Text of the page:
I spent the rest of the morning in acquisitions. This week my task was to create authority records on the catalogue for around a hundred theses that had recently been added to the system. I finished this early, and as most of the acquisitions staff were elsewhere in the building doing some training, I headed back to my office to finish sorting through my last box of peace pamphlets for Special Collections. In the afternoon I put together a flyer/leaflet about library access for graduates, as we had nothing on this and it is a question that has been coming up fairly regularly. The librarian in charge of our pop-up library had asked me to create it and I had fun. I have to eat my own words from last week though, as I had to use the template that had been the subject of intense debate in last week’s ASG meeting!

On Friday morning (today!), I attended a meeting re:print journals, where the subject librarians responsible for the 500s discussed which titles they were going to keep, and which they were going to discard (or a mixture of the two). I had been promised I’d get to witness blood on the carpet at this, but alas, there was none. Thoroughly disappointing. Jokes aside, I did find it very interesting to see the thought process behind each decision, and I even started to understand my line manager’s giant spreadsheet (she really, really loves spreadsheets).

After the journals meeting, I teamed up with a colleague to do the last Library on Location (pop-up library) of term. There is a big end-of-year party going on in the student union, so we set up camp there with a lady from careers from an hour and bombarded finalists with the flyer I made yesterday. When I say bombarded, what I actually mean is handed a limited number out, as most of the students weren’t in their final year yet, and people hadn’t come to the party to talk about the library! I took off my badge and lanyard for a few minutes to pretend to be a student and claim free sweets and ice cream. Well worth it!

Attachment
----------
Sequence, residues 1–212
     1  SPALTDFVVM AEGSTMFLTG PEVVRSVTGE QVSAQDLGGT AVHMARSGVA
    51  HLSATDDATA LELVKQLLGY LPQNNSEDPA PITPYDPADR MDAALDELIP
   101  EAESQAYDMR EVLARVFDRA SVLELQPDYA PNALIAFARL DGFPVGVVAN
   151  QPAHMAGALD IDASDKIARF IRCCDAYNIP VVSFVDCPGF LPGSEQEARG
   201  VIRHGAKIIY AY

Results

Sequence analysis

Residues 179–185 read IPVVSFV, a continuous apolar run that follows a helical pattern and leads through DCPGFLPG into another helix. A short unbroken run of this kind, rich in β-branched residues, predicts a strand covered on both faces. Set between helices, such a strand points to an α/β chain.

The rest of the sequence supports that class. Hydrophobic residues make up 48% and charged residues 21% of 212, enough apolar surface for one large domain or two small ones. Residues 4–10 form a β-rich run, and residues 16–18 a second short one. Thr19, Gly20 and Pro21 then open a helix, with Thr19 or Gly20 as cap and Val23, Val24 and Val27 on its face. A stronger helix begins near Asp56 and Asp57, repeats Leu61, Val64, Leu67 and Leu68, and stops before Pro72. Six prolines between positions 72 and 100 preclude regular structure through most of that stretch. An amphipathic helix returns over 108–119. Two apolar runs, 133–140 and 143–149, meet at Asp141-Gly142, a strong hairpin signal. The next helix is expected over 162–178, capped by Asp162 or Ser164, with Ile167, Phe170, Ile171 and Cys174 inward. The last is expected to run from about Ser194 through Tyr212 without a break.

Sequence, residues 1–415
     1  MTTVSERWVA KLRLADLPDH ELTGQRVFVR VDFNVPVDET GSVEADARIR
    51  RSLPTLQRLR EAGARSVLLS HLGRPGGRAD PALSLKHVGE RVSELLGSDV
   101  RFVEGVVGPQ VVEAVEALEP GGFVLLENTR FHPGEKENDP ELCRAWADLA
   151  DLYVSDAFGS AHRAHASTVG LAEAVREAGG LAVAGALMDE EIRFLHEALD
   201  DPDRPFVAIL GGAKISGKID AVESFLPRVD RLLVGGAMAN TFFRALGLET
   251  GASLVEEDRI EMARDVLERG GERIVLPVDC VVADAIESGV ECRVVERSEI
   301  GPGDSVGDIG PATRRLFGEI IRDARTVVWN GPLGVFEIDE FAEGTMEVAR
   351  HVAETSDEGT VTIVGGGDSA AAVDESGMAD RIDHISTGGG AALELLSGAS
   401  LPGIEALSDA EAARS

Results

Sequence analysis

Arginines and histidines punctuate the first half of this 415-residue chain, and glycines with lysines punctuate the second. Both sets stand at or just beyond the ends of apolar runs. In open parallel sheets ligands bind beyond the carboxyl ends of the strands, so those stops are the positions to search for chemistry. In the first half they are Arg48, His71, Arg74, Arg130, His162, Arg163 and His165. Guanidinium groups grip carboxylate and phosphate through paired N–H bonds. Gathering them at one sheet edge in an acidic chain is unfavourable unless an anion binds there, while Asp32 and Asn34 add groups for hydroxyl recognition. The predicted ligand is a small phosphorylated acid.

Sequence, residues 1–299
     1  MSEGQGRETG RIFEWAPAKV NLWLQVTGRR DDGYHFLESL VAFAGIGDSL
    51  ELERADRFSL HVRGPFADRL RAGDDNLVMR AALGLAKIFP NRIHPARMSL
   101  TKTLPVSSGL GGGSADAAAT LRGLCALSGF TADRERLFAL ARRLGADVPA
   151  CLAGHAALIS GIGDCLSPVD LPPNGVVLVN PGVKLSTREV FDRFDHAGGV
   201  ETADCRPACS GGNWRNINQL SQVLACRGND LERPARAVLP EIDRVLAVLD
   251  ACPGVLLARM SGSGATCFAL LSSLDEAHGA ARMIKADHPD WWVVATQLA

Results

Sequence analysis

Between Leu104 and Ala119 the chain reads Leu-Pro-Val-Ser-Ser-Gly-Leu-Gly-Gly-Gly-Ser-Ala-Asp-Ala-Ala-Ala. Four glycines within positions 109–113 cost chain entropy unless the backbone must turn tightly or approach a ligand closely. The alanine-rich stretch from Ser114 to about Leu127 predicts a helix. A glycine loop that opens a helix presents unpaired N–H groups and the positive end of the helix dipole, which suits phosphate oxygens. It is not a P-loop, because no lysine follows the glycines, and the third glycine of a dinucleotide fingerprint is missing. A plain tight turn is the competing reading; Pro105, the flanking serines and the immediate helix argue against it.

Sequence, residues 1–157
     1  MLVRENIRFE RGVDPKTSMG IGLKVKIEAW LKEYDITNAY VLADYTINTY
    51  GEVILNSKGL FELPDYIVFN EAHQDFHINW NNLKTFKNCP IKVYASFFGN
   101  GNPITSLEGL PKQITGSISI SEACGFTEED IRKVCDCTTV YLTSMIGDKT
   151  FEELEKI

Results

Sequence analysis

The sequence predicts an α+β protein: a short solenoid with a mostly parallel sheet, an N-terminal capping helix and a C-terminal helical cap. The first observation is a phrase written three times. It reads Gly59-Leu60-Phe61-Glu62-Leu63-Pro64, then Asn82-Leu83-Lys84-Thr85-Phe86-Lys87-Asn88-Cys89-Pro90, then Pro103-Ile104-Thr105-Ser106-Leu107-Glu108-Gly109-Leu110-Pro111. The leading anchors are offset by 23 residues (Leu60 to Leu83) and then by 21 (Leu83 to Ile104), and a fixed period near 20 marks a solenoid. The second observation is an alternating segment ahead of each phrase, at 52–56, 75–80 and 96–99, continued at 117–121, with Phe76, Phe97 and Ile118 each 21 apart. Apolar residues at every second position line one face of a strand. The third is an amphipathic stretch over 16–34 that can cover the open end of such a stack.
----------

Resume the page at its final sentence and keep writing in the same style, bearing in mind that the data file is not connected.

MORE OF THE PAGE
And that’s it for this week. I will be spending the rest of the day at the enquiry desk, inputting my measurements from the 300s journals into a spreadsheet. Have a nice week.

 

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Reflective Log: Friday 17th May 2013


Since it’s the end of the day and it’s dead quiet at the enquiry desk, I shall attempt to write this week’s log now, as opposed to by Monday, when I will have forgotten everything, like I normally do.

I’ve spent a lot of my time this week having a love affair with a tape measure – measuring the amount of space each journal is taking up on the shelves. This may sound like an odd thing to do, but it makes sense, honest! With last year’s refurbishment, the librarians had to throw away an awful lot of print journals to fit them all into the designated space. We’re soon going to be losing a big chunk of that space because it actually belongs to ICT services and they want it back, so we now have to squeeze all of the journals onto just one floor instead of two. This means that the librarians are having to make yet more decisions about journals to throw away (largely based on age, usage, and whether or not we have secure online access). So my job is to measure the amount of space that each journal they decide to keep takes up, so that eventually we will know if everything is going to fit. I have spent many hours doing this this week, and have many more to come (I’ve so far measured the 00s, 100s, 200s, 400s, 800s and 900s – our shorter runs. I’m now on the 300s which consists of around 700 individual titles, and the 600s will probably take me until the end of my life). I’ve actually found this task rather enjoyable because I’m still recovering from being unwell so it’s nice to have an easy task to get on with in a quiet space.